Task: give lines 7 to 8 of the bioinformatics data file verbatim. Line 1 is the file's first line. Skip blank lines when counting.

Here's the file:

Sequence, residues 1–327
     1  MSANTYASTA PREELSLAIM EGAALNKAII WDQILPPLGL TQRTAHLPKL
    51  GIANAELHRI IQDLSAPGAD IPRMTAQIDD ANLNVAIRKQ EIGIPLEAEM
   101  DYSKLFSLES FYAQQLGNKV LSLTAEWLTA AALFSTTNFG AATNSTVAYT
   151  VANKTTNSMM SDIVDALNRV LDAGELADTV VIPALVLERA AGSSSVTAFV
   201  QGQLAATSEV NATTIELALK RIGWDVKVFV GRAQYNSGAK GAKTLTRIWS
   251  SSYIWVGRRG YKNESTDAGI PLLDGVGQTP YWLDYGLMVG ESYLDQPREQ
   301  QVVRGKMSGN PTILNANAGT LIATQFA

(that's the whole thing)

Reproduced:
   251  SSYIWVGRRG YKNESTDAGI PLLDGVGQTP YWLDYGLMVG ESYLDQPREQ
   301  QVVRGKMSGN PTILNANAGT LIATQFA